Introduction: Recently published data from a US nationwide database reported a strikingly high mortality rate of 0.46% within 30 days of a catheter ablation (CA) following atrial fibrillation (AF) procedure. We hypothesized that early mortality from AF ablation may generally be significantly higher than previously reported, and reported low mortality rates of <0.1% may be artefactual of incomplete follow-up. We sought to comprehensively assess the early mortality rate following catheter ablation in our high-volume, UK institution.
Methods: 2712 consecutive patients who underwent catheter ablation for AF in our institution between 1st June 2016 and 31st Dec 2019 were included in the study. Both de novo ablations and redo procedures were included and results analysed on a per-patient basis from a prospectively entered database. Our institutional procedural database was cross referenced with the SPINE and the Cerner NHS portal. SPINE is the NHS digital portal allowing exchange of information across local and national NHS systems, including primary care records and notifications of death. This significantly increases the validity and reliability of our mortality data in our patient cohort. Early mortality was defined as death within 30 days of the procedure.
Results: The database consisted of 2712 patients who underwent 2924 AF ablation procedures within the study period. 63% were male and mean age 59±16 years. 50% of patients had paroxysmal AF, 31% persistent and the remainder longstanding persistent AF. 62% of procedures were de novo and 51% were Cryo balloon ablation. Early all-cause mortality (within 30 days) was 0.03% (1 patient). This patient had a compassionate procedure in the context of severe complex congenital heart disease, complicated by congestive cardiac failure and later succumbed to nosocomial infection during the recovery period. A second patient died at 48 days following complications related to a procedure-related atrio-oesophageal fistula. Overall procedure-related mortality at 6 months was therefore 0.07% (2 patients); a total of 9 reported deaths (0.33%) occurred over 12 months follow up (Figure 1). 12 months survival was 99.6%. No late or missed intra-procedural complications were observed amongst the patients who died over 12 month follow up. Major complications occurred in 2.9% of patients underwent CA for AF (Figure 1). Pericardial effusion requiring drainage was the commonest complication (1.6%, 44 pts), with a small proportion (0.07%, 2 pts) presenting late as delayed tamponade following discharge. 17 patients had vascular complications requiring intervention and 13 patients had phrenic nerve palsies after ablation that had not resolved at 6 weeks. No non-fatal complications resulted in long-term disability.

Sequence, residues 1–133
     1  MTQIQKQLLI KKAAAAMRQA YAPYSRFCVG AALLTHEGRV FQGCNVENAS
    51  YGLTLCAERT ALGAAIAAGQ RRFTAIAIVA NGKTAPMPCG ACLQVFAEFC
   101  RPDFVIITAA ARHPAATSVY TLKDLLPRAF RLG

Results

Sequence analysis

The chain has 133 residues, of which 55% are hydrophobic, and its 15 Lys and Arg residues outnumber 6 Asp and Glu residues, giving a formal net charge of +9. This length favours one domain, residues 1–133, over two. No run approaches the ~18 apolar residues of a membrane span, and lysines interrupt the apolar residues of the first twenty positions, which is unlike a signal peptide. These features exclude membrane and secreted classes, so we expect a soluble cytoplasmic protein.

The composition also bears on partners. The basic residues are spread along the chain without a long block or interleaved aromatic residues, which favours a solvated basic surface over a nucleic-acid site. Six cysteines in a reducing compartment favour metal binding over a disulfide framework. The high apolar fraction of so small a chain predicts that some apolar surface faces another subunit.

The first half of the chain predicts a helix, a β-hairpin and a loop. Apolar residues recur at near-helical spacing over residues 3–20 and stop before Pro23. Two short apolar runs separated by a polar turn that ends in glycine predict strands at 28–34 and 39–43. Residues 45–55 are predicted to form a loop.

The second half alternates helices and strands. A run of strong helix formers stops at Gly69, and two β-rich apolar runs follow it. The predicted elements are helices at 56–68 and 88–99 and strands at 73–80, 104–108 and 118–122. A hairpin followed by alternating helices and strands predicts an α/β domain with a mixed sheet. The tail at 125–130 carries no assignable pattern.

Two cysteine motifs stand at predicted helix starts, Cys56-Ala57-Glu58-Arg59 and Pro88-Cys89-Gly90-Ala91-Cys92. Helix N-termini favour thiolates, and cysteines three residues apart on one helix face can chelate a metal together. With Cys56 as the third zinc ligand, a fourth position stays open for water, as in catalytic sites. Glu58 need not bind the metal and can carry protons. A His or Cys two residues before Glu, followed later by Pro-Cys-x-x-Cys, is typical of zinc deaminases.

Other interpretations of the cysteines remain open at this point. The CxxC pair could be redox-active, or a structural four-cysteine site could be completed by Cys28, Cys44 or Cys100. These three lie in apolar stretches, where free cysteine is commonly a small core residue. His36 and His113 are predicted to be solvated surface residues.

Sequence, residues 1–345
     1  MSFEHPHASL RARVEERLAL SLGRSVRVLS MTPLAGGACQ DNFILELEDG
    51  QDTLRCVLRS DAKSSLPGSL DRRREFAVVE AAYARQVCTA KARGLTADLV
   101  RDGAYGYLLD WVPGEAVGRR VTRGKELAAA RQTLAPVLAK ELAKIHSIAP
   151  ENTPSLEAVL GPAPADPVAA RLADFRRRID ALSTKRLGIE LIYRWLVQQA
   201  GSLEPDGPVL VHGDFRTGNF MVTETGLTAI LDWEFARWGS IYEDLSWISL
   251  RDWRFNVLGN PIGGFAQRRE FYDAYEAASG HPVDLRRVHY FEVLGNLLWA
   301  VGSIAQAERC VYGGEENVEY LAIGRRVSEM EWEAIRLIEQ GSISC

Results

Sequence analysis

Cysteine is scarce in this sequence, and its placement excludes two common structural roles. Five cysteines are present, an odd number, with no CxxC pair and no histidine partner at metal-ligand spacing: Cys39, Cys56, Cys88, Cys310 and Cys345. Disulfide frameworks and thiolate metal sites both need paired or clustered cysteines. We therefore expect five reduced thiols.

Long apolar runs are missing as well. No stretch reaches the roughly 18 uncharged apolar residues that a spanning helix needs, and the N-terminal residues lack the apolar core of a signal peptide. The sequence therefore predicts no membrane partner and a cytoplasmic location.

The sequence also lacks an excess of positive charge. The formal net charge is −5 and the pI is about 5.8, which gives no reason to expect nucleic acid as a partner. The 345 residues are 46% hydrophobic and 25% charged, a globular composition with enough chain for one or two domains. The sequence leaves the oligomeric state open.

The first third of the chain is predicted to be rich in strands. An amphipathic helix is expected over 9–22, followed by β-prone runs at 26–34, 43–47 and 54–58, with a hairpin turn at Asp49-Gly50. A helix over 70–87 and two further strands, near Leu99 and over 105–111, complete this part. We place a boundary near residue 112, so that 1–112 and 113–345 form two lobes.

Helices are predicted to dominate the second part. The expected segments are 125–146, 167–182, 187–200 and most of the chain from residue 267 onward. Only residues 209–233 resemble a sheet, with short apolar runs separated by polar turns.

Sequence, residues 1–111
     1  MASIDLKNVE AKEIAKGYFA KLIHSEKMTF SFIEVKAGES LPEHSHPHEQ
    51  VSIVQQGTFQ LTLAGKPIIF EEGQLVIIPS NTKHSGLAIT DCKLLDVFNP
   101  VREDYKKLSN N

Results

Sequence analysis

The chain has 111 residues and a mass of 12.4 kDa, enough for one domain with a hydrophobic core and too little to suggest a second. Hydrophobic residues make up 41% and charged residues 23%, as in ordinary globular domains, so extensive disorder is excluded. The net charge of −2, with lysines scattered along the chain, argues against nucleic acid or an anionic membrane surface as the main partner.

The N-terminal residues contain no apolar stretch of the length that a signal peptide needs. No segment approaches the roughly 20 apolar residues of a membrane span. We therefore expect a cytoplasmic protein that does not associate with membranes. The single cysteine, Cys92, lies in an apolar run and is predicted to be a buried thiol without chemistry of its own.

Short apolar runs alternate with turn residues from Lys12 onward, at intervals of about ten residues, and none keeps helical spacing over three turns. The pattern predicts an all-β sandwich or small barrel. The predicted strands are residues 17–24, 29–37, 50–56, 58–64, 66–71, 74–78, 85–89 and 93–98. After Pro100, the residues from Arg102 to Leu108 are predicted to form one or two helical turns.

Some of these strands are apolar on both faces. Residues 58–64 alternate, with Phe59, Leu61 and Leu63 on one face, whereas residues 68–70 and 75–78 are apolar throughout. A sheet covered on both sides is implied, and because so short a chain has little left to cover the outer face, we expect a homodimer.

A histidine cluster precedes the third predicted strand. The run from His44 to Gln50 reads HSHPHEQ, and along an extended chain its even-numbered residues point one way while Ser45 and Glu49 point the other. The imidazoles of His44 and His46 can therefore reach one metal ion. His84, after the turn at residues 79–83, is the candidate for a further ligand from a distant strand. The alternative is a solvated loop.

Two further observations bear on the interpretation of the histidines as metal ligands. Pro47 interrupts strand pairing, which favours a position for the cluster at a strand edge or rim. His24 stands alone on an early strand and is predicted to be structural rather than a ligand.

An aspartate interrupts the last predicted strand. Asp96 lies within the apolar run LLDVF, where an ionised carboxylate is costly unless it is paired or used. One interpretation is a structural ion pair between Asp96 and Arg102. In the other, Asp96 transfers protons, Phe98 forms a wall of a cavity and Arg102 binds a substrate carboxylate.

Conclusion: This study demonstrates a very low single-centre mortality following AF ablation. Our contemporary real-world study used a national population wide database to ensure completeness of data, and can be seen as highly reassuring following concern after recently published US nationwide data. Our outcomes may directly reflect the positive outcome of reduced risks and early mortality in our high volume centre (nearly 800 AF ablations year) and therefore supports the argument that AF ablation should be concentrated in such centres.